YouTuber Internet Shaquille On Instructor Generosity

These are some points I wanted to keepsake from How to Make an Internet Shaquille Video

The video is exceptional and worth watching. The points I jotted down were for my own reference, you will likely find many other gems in the video.

Background on Internet Shaquille

  • Went to school for design, got a master’s with a focus on instructional design
  • Worked for five years at a public university setting where I was an instructional designer
  • Did instructional video-based design for a private construction company for four years
  • Now: YT channel that teaches cooking; 500k+ subs


00:00 Who Cares?

02:24 Biases

05:12 Why Video?

08:28 Common Mistakes

10:14 Get Started

14:32 Script Tips

21:15 Specifics for Formal Education

24:17 Specifics for Youtube

27:53 Technical Tips


A lot of this content is not about how to be successful on YouTube or how to create a popular online course. I believe there’s enough information out there about that, about how to chase the algorithms and such. So, this is more of a Seth Godin head’s perspective, not so much a GaryVee hustle, rise and grind culture type of video. I think that a lot of attention is paid to gaining notoriety, and this is more focused on applying generosity. That’s the word I use the most when I talk about this sort of stuff, and I wish it wasn’t because it sounds like I’m canonizing myself, like I’m this huge saint for making five-minute long YouTube videos. But generosity really is the only way I’ve found to frame this sort of content, like this video that I’m making.

The more generous you can be, the more successful you stand to be as well. I think there’s a direct correlation, if you want there to be.

If you see somebody doing something cool and you say, “Oh, that looks easy. I could do that,” that’s not a very generous interpretation of the cool thing that you saw. However, if you said, “That looks cool. That looks rewarding. I should try that,” I think that’s somebody who’s more likely to produce work in a generous way. And when I say produce work, it’s not about how to make “content”. Content” was always a word for companies like Procter and Gamble to populate their Instagram. You should not aim to make “content”, you should aim to make work that matters for people who care. There’s my first of what will probably be many Seth Godin references. I think that once you start to see your work as a body of work, you’re less likely to write it off as just “content”.

The generous work is anticipating your learner’s actual questions and needs.

Narrowing Your Audience Allows You To Produce Better Work

Try to be specific about who your learner is. What are their fears? What are their biases? What are their goals?

When you’re in the YouTube space, it’s really tempting to say, “Well, my audience is everybody.” But what ends up happening if you’re trying to reach as many people as possible is that you have to adopt the GaryVee, Mr. Beast aesthetic or mindset. This involves simplifying your information into very basic English to cater to those for whom English isn’t their first language or who can’t read. You’re using vibrant emotions and universal symbols, like showing someone winning money and jumping up and down, or using sound effects like “ding ding ding.” I don’t think these tactics really apply to the style that I hope you’re trying to achieve. So, after you identify your learner, you really do need to identify what it is that they need to learn. This is similar to establishing your learning outcomes.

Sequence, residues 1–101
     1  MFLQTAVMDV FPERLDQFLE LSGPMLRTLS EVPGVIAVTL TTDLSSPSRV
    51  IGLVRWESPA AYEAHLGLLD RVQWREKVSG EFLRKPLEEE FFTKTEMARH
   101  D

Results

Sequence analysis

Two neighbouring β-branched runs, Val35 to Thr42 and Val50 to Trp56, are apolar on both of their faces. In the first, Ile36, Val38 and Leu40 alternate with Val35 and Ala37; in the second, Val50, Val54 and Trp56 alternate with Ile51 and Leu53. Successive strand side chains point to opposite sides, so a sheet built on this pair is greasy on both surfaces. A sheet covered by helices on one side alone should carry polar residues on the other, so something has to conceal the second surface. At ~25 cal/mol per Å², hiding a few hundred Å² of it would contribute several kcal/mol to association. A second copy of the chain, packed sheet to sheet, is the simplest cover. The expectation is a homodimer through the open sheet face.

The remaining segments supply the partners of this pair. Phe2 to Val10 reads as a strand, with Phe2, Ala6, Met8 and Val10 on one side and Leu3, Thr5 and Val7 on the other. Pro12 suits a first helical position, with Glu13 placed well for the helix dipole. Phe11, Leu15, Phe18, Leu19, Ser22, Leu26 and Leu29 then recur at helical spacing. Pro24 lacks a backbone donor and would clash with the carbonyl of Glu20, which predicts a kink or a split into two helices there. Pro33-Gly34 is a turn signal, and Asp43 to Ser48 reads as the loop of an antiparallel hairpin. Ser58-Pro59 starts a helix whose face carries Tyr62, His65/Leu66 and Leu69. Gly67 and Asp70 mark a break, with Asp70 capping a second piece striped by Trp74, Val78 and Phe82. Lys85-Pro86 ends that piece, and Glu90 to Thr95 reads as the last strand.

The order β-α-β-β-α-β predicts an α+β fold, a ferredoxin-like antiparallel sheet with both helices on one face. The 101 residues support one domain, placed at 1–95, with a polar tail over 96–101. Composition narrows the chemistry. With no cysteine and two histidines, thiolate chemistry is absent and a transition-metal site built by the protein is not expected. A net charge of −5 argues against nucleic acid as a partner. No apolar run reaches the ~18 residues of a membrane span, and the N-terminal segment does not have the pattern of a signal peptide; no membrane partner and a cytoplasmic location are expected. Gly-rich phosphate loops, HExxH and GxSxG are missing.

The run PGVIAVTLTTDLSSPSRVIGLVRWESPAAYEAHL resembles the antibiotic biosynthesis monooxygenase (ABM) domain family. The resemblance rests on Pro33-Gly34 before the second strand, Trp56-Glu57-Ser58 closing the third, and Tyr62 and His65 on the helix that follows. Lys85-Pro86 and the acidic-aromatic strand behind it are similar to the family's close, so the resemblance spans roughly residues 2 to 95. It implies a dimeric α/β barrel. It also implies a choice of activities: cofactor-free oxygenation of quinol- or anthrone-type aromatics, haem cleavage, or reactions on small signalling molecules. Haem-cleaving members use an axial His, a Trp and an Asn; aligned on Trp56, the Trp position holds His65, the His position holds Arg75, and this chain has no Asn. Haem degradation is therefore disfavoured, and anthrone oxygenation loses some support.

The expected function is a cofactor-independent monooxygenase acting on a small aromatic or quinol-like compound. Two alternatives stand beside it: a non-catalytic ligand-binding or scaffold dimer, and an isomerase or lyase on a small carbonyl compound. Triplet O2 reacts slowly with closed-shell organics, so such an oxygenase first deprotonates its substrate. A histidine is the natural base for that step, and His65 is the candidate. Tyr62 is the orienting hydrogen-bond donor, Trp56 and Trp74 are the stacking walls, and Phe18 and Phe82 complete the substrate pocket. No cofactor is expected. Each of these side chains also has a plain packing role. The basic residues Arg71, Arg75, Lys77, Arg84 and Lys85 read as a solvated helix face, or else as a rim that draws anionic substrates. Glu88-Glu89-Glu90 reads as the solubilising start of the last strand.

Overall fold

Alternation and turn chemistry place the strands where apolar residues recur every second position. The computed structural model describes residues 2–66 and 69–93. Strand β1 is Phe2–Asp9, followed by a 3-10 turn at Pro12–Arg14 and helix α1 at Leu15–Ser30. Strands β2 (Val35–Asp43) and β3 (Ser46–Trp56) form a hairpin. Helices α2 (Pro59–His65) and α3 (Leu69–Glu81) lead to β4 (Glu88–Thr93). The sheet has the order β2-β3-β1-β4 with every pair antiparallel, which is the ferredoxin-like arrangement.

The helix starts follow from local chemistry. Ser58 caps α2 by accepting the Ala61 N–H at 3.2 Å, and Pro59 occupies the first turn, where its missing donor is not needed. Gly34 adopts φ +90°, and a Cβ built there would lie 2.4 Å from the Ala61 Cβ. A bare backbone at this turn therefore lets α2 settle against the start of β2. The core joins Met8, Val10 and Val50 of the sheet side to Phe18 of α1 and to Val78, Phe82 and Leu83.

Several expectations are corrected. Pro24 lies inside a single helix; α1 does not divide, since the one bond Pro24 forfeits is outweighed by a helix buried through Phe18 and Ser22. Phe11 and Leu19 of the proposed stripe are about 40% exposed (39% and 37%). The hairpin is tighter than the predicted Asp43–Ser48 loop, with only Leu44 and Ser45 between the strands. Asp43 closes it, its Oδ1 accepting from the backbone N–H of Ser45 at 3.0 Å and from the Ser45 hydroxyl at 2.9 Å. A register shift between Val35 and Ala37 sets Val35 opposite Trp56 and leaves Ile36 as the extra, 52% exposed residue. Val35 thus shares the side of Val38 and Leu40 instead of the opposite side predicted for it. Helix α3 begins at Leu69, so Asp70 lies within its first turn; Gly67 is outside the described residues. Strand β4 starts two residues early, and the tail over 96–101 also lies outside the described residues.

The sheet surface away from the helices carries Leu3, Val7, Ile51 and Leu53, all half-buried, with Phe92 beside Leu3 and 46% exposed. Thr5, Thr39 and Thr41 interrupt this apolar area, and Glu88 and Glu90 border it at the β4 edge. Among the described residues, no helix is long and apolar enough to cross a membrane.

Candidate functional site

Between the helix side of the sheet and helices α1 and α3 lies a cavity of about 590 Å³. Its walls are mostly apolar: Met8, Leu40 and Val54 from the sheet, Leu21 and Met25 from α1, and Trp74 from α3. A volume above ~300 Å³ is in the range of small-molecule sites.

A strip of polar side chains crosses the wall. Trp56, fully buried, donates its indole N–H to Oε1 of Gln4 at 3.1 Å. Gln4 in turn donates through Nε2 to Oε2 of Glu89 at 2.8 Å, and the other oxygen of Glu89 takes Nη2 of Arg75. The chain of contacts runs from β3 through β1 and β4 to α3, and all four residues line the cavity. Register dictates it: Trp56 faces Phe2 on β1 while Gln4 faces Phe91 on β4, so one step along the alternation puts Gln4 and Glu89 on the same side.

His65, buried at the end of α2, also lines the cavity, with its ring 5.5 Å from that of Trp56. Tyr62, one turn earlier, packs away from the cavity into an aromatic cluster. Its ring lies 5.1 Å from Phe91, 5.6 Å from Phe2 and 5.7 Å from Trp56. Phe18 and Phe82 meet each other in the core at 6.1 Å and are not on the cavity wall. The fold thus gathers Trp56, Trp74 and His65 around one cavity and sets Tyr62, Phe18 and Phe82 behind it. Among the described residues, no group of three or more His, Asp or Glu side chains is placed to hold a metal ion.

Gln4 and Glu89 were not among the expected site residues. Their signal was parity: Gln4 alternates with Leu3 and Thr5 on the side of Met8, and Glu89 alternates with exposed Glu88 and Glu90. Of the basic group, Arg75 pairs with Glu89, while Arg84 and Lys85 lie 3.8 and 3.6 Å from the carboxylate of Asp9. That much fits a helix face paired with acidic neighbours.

He doesn’t use the word empathy but this is what an empathetic instructor looks like:

  1. Establish prerequisite knowledge.
  2. Don’t layer all this information that doesn’t necessarily need to be conveyed. Be honest and explicit about what the learner needs to learn before you finish writing your script.

Script Tips

    1. Criticize your beginning and end of the script mercilessly. The beginning obviously needs to grab your attention, and at the end, you really need to put a bow on things.
      1. In the video space, the goal is to make someone crave more information or to conclude in a way that they feel accomplished for finishing it. Therefore, you should really invest a significant amount of time in this. When I write a script, it takes about 50% of the time to write the actual material and maybe 40% of the time figuring out how it’s going to end. I aim to conclude things in a way where you feel energized and glad about what you just learned, and happy to have learned.
    2. You need to be building and resolving tension.
      1. If I make a video about how to make hummus, the person who clicked on the video is already interested in that. So, you can resolve that tension immediately. That’s why I get so many comments that are like, “Three minutes in, not even like 45 seconds in, and this guy’s already given us three different recipes for hummus.” That’s because you can resolve the tension from clicking on the thumbnail immediately, and then build more tension on and resolve that later. You can be doing this sort of rapport. I don’t know if that’s the right word even. You can do this back and forth where it’s like building tension and resolving it. So in the hummus example, I might say, “Oh, how do you make hummus? Here’s three different ways. But what if you really like buying it?” Then, you’re posing an argumentative point. You’re sort of arguing against yourself. You’re saying, “Well, what about the naysayers who just watched that and still aren’t convinced?”
      2. Going back and forth, building up tension and resolving it with the hummus example is a way of building tension and resolving it with new ideas and counter-arguments. You can also build tension by introducing a very big, weighty, complicated topic, and then resolve it by untangling that topic or explaining it away.

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